Business is very good in the local automotive industry, which has seen continuous growth sales-wise in the last six years. In 2017, our market sold a total of 470,000 brand-new passenger vehicles, up some 17% from 2016’s 400,000-unit tally.
Around 35-40% of these new cars wind up in Metro Manila alone, which explains the horrendous traffic jams we now experience on a daily basis. Now, there is only so much metal you can cram into any megalopolis. At some point, its residents will realize there are already too many cars around them, and that it’s time to unclog the roads if they are to preserve their decent living situation.
If you’re in the auto business and you’re among those with the unenviable task of having to hit monthly sales quotas, the prospect has to worry you. Just when exactly will your most crucial market — Metro Manila in this case — reach such saturation levels that further growth is simply no longer sustainable? Has the National Capital Region indeed irrevocably crossed over to that critical side where its inhabitants need to now seriously consider going carless for the benefit of all?
If you ask President Duterte, the answer is yes. Recall that he has predicted Metro Manila to be dead in 25 years if we don’t drastically change our ways — which, I’m guessing, involves letting go of our motoring addiction.
Elsewhere, there are calls from both government and private sectors to limit car use. Pasig City, for one, already observes “carless weekends” on F. Ortigas, Jr. road. It’s only a matter of time before such efforts become more intense and more consistent, eventually convincing more city dwellers to take public transportation instead of acquiring a garage-less vehicle and paying for its amortization every month.
How does the industry prepare for this eventuality, which is almost sure to happen from all indications? Simple: Bring the cars outside of Metro Manila. It’s a form of decentralization, if you think about it. Focus on sales and marketing initiatives in the provinces — particularly those on the fringes of NCR — and then develop a solid customer base in those areas.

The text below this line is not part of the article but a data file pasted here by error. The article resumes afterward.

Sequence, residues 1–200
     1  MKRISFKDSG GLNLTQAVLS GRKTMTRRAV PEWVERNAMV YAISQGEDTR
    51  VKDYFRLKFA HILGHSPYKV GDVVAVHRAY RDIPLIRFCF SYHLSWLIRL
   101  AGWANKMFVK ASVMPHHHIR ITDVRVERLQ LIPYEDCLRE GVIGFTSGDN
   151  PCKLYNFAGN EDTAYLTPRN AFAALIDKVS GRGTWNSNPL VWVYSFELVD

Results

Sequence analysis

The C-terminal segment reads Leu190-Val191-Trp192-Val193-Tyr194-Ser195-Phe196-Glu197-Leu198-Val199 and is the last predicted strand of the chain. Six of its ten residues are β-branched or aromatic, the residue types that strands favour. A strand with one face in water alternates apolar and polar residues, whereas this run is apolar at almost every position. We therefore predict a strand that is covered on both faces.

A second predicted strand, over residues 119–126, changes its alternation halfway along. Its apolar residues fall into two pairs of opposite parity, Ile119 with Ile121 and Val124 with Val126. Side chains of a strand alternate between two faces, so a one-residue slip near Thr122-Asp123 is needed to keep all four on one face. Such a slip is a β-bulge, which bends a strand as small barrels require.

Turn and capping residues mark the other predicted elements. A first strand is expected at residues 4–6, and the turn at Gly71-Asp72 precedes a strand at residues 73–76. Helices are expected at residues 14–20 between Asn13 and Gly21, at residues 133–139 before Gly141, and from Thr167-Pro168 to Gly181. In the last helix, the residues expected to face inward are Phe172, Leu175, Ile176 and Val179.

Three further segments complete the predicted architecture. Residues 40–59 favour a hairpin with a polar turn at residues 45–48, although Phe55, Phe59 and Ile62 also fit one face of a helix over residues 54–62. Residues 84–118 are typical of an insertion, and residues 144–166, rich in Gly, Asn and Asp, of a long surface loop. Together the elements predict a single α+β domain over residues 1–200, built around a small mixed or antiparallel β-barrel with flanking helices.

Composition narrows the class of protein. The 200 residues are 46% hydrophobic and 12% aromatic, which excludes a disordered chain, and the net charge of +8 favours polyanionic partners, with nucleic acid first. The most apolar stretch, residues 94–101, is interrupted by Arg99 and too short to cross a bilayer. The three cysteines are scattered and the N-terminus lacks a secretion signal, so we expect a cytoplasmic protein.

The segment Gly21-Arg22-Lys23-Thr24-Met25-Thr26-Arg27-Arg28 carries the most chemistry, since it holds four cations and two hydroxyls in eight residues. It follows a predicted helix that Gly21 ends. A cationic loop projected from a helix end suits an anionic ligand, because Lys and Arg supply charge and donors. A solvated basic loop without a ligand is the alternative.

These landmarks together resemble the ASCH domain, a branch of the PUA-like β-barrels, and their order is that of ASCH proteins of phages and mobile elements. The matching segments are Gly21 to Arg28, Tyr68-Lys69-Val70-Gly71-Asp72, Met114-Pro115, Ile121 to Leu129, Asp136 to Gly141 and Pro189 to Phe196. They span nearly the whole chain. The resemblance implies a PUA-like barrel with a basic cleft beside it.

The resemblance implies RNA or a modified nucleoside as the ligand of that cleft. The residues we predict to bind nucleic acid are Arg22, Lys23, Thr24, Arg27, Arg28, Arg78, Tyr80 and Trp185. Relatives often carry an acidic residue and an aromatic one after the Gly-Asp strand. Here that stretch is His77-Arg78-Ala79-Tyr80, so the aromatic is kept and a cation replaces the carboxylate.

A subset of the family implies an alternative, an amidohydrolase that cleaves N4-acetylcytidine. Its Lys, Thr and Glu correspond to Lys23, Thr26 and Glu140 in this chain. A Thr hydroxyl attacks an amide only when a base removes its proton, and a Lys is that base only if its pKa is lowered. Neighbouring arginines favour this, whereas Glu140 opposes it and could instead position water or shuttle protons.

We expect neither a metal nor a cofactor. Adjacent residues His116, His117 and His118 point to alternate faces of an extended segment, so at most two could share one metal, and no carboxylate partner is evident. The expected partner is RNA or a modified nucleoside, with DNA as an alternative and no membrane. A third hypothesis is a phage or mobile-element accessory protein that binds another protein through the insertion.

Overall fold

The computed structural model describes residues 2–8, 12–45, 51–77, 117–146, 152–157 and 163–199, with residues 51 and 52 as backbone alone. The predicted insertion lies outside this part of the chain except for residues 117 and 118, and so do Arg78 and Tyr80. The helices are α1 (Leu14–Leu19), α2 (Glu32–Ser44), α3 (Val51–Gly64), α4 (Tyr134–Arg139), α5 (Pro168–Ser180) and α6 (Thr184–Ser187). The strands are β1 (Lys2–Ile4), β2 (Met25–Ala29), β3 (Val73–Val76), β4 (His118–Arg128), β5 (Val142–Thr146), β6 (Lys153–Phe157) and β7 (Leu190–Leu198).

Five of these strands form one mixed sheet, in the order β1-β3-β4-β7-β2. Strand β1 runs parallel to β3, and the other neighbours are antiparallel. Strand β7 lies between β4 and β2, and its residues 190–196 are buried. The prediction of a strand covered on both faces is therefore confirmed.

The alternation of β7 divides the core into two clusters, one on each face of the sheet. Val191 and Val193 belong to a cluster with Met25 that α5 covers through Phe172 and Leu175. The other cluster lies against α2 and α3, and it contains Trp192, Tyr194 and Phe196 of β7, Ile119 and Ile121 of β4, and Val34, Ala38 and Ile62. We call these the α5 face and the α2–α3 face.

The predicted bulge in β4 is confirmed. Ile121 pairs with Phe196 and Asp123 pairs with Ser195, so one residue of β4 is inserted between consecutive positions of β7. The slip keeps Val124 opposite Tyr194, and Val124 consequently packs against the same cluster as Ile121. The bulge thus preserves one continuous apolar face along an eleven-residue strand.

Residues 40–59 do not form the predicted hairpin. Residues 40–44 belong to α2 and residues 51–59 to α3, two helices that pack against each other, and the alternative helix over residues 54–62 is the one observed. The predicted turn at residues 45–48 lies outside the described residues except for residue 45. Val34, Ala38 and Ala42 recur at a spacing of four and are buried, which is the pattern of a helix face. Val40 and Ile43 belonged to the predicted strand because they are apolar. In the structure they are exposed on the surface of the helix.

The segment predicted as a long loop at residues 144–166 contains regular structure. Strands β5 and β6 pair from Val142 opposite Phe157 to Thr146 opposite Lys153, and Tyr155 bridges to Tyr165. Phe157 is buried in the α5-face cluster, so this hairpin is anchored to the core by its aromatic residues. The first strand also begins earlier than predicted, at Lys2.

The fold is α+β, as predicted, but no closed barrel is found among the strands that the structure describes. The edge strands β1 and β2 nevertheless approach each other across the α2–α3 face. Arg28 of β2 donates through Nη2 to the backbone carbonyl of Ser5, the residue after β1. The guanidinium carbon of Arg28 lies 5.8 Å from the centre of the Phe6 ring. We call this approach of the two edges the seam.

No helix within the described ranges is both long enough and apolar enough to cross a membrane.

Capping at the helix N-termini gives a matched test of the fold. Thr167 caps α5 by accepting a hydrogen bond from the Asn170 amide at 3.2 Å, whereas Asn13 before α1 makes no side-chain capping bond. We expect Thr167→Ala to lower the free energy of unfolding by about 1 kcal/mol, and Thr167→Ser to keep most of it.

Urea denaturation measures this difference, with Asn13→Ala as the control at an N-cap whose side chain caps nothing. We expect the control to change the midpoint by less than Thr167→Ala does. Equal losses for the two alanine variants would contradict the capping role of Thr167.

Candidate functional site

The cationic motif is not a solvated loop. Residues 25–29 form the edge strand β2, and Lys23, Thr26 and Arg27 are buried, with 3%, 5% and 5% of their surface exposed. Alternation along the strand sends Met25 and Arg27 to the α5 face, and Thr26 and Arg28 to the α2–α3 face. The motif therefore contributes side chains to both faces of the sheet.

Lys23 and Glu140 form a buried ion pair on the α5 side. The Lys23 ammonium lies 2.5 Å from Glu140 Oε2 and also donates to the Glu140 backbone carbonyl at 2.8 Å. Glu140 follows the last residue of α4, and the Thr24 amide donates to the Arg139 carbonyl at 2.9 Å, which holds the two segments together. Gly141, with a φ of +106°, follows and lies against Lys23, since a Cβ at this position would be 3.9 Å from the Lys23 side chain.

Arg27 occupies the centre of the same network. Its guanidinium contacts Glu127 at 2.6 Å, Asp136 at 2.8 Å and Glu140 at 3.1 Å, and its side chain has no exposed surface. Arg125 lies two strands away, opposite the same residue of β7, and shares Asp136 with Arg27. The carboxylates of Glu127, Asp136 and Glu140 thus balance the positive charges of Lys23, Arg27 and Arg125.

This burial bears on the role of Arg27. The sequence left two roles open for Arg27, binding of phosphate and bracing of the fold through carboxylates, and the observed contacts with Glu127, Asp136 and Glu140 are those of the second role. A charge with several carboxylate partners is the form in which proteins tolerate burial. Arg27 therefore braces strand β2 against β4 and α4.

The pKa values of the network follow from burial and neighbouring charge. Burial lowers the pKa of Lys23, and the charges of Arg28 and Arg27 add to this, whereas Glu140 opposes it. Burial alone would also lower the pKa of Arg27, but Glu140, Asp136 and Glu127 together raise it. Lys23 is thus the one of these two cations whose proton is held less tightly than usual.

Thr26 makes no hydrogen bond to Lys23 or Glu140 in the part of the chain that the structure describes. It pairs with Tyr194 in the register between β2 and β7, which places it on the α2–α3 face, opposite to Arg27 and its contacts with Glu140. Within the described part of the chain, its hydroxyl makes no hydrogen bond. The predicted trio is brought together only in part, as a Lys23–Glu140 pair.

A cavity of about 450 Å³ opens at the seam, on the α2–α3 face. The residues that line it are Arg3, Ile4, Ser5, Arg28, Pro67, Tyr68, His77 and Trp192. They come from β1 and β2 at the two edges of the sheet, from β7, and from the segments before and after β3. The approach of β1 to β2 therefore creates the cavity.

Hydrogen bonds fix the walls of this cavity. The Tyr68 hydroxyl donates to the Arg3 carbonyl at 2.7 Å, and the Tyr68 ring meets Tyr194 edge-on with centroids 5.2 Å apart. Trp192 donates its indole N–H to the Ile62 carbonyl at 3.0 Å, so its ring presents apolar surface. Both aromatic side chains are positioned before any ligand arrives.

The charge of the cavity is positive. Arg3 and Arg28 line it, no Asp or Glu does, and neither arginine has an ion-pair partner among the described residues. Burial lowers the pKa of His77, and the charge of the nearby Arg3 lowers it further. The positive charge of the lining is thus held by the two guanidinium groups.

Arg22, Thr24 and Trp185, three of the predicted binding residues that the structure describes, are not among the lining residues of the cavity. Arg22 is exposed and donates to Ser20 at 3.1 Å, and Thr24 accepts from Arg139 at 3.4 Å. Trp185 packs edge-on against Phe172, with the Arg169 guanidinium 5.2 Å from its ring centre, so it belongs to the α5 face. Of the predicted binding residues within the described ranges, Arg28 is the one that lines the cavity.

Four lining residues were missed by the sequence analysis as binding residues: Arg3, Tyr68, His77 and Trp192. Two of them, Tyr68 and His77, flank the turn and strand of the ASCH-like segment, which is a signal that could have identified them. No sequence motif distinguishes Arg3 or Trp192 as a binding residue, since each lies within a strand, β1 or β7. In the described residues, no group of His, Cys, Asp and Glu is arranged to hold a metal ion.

That’s exactly what’s happening these days, as a matter of fact. In the two decades I’ve been covering the car industry, I have never received as many invitations to faraway dealership events as I do this year. As I write this, there are at least a couple such invites sitting in my mailbox, waiting for my reply. One is for the grand opening of Subaru Cainta, and the other is for the inauguration of Honda Baliuag. Where I once got used to fancy dinners in Makati City hotels, I’m now getting the hang of waking up early in the morning to ride a shuttle bus that will take me to a provincial showroom — as I did when I attended the formal opening of Nissan Batangas City more than a month ago.
And that’s only for dealerships that are conveniently accessed by short road trips. This year has also seen the appearance (or groundbreaking) of new showrooms in places that are truly remote from the country’s business capital. These include Ford Isabela, Isuzu Cebu South, Mazda Butuan and Suzuki Ozamiz. Of course, it’s no coincidence that the brands erecting these new stores are also the same ones that are currently surging in sales performance.
The multi-brand Lica Auto Group, which owns the above-mentioned Nissan Batangas City, is the most aggressive of all dealer companies. Chief Operating Officer Doroteo R. Sornet gave me a list of the new showrooms his team is inaugurating in the coming months: Nissan in Calamba; Hyundai in Cainta, Batangas, Molino and Marikina; Suzuki in Batangas City and San Pablo; Chevrolet in Cainta; Foton in Cainta and Calamba; and Volkswagen in Santa Rosa.
See the common thread here? These are car-selling locations away from the bowels of Metro Manila. The industry refers to them as “key growth areas.” In the coming years, these will be the most important battlegrounds for automakers. Local emerging markets, if you will. The car distributors that go to these places the soonest stand to reap the spoils of an imminent war.
All of this could also be a clear sign of the industry’s faith in the present government’s direction, which is to make Metro Manila unload many of its vital components to neighboring provinces. Obviously, people in these provinces will need cars to go around, and they will likely buy the first vehicles they encounter up close and personal.
This is a long time coming. Metro Manila is dying. It can’t accommodate more new cars at this rate. The provinces, thankfully, will gladly take them.